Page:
Eighth Sunday after Pentecost

The prologue to Isaiah in the 14th century Wycliffe Bible asserts that the prophet is …

Bread and Fish
Bread and Fish, from Art in the Christian Tradition, a project of the Vanderbilt Divinity Library, Nashville, Tenn.  Original source: Wikimedia.

August 3, 2014

First Reading
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Commentary on Isaiah 55:1-5

The prologue to Isaiah in the 14th century Wycliffe Bible asserts that the prophet is …

“not oneli a profete, but more, a Gospellere.”1 In terms of the early Christians’ attempt to understand who this Jesus was in relation to the God of Israel, Isaiah’s poetry played a defining role.2 Indeed, Isaiah is not only a prophet. From the standpoint of the Christian interpreter of Scripture, the prophet was also “Gospellere” — a Good News-er — an evangelist. This particular pericope “languages” the new creation initiated in and through Jesus Christ — a new creation marked not by scarcity but by outrageous abundance and tasted in the Eucharist.

Risking a reach outside of Isaiah for a foil to the vision of Isaiah 55:1-5, recall some of the final words of the Lord to Moses:

Soon you will lie down with your ancestors. Then this people will begin to prostitute themselves to the foreign gods in their midst, the gods of the land into which they are going; they will forsake me, breaking my covenant that I have made with them … For when I have brought them into the land flowing with milk and honey, which I promised on oath to their ancestors, and they have eaten their fill and grown fat, they will turn to other gods and serve them, despising me and breaking my covenant. And when many terrible troubles come upon them, this song will confront them as a witness, because it will not be lost from the mouths of their descendants. For I know what they are inclined to do even now, before I have brought them into the land that I promised them on oath (Deut 31:16, 20-21).3

Such is the situation in which the exiles find themselves. In spite of God fulfilling God’s promise to bring them into the land … in spite of God’s faithfulness to the covenant, they have put their trust in gods other than Yhwh. Against this kind of backdrop, the vision that the prophet paints in Isaiah 55:1-5 serves as an antidote to this idolatry. The text opens with a series of imperatives: Come. Buy. Eat. Listen. Delight. Behold. The list is truly impressive. Note that the vision set out here is not optional. It is imperative. It is Yhwh’s reality into which the hearer is invited. There is not a truly viable alternative. This “everlasting covenant” that Yhwh promises to the people is Yhwh’s promise. This is life.

To the hearer on the edge of exile and in the midst of real displacement from the land which God promised, what is promised here is outrageous. The economy of the promise here reiterated is built not upon the scarcity of exile but upon God’s abundance.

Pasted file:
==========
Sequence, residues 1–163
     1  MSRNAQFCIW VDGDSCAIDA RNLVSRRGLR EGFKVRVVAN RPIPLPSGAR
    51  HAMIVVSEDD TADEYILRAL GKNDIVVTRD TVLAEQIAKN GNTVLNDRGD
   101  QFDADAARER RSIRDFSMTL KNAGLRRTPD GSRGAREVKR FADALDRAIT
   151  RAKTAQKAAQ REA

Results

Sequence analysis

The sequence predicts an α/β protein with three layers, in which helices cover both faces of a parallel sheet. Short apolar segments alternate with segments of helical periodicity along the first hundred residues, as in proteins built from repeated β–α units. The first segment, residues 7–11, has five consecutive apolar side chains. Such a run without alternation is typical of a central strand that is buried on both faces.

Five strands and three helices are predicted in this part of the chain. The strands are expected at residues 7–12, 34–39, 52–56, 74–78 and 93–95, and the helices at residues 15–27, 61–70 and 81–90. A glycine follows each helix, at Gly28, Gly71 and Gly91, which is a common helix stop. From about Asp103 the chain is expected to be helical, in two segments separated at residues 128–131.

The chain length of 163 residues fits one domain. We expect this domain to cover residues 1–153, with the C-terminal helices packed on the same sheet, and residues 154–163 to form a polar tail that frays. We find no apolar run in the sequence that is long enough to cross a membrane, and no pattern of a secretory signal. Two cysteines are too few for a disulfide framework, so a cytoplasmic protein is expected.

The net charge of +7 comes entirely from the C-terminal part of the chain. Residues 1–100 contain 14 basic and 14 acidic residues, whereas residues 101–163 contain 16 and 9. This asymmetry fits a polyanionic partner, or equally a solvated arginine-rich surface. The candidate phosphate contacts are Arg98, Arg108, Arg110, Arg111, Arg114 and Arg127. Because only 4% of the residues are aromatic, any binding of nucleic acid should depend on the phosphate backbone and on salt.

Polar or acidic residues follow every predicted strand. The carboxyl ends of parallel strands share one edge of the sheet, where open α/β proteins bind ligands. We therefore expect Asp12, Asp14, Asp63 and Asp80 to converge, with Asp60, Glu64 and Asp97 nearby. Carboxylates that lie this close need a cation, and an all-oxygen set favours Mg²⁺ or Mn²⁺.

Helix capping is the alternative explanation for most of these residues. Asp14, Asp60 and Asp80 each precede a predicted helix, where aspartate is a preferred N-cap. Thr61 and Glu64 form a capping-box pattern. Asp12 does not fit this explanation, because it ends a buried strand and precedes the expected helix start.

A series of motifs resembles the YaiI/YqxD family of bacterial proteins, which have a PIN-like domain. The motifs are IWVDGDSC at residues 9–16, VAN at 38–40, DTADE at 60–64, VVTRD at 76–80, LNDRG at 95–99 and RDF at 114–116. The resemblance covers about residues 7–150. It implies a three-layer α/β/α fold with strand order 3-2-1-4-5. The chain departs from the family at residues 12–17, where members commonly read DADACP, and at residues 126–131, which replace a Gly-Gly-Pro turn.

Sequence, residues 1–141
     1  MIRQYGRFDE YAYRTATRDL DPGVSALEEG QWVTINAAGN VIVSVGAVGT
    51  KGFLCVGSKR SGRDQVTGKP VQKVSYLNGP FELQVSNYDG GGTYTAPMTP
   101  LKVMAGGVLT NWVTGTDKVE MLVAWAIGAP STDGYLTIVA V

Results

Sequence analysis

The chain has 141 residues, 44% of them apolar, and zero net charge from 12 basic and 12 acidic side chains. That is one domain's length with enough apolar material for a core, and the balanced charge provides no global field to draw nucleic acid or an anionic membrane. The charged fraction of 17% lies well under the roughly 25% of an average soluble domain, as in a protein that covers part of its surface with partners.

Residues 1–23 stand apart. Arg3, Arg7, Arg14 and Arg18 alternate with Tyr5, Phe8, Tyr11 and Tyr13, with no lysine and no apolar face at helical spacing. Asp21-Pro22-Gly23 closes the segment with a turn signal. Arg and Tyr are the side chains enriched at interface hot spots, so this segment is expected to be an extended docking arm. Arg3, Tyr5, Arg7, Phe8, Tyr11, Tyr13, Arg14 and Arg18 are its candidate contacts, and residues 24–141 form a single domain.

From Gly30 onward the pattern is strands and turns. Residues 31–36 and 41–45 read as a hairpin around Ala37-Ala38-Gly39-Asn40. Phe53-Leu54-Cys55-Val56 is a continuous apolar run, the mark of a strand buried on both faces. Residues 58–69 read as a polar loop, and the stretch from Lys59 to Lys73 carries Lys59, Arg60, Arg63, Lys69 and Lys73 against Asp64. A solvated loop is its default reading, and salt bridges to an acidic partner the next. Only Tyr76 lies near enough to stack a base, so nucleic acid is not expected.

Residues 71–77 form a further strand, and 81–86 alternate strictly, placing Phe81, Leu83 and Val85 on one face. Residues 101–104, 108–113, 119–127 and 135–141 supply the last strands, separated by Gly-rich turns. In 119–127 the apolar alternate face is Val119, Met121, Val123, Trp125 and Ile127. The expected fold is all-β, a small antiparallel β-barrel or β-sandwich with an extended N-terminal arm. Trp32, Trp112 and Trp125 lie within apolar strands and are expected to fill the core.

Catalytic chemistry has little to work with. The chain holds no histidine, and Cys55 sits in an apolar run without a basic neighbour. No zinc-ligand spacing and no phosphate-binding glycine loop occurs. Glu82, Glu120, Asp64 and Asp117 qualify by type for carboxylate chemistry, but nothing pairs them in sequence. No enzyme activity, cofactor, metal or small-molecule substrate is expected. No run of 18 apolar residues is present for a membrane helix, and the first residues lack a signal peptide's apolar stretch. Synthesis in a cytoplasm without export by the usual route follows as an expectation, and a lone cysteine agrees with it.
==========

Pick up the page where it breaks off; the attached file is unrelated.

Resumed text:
The invitation begins with references to the material: water, wine, milk, bread. These bodily needs are provided. The Lord asks the question: “Why do you spend your money for that which is not bread, and your labor for that which does not satisfy? Listen carefully to me, and eat what is good, and delight yourselves in rich food” (Isaiah 55:2).The outrageous abundance promised opens the way for hearing the promise of a renewed covenant — an everlasting covenant.

Yhwh draws the exiles into the covenant with David4 — “my steadfast, sure love for David” — and expands its boundaries. The “rest from all your enemies” (2 Sam 7:11) promised to David is outrageously redrawn with the everlasting covenant as an irresistible invitation to the nations.

The prophet’s language about the everlasting covenant begins with images of sustenance free and abundant for all: water, milk, wine, bread. This physical sustenance moves outward toward the world. Yhwh’s steadfast, sure love for David expands to welcome those outside, as if there is no inside or outside.

God’s outrageous abundance, the center of the everlasting covenant, spills out of any boundary that anyone might place upon it, promising to fulfill Isaiah’s earlier words: “ … for the earth shall be full of the knowledge of the Lord as the waters cover the sea” (Isaiah 11:9). Also, God’s promise defies commodification. It flies against whatever economic system we might create or abide by. God’s steadfast, sure love is not underwritten by notions of scarcity but works on the principle of abundance that cannot be contained. This is new creation.

And so we return again and again to the Eucharist — to hear God’s Word and to partake of the Lord’s Supper for a foretaste of the new creation. Such is God’s feast of outrageous abundance that exposes our feeble attempts to hoard God’s love, and rather says, “The Body of Christ given for you.” Likewise, from the Gospel according to Isaiah:

Listen carefully to me, and eat what is good, and delight yourselves in rich food. Incline your ear, and come to me; listen, so that you may live. I will make with you an everlasting covenant, my steadfast, sure love for David (Isaiah 55:2b-3).

“Go in peace! Christ is with you!”


1 Roughly, “not only a prophet but a Gospel-er.”Cited by John F.A. Sawyer, The Fifth Gospel: Isaiah in the History of Christianity (Cambridge: Cambridge Univ. Press, 1996) 2.

2 Lest the postmodern interpreter doubt this influence, have a look at the quotation, allusion, and verbal parallel lists in the appendices of either the Nestle-Aland or United Bible Society versions of the Greek New Testament.

3 For Moses’song, cf. Deuteronomy 32:1-32, 47.

4 cf. 2 Samuel 7:4-17.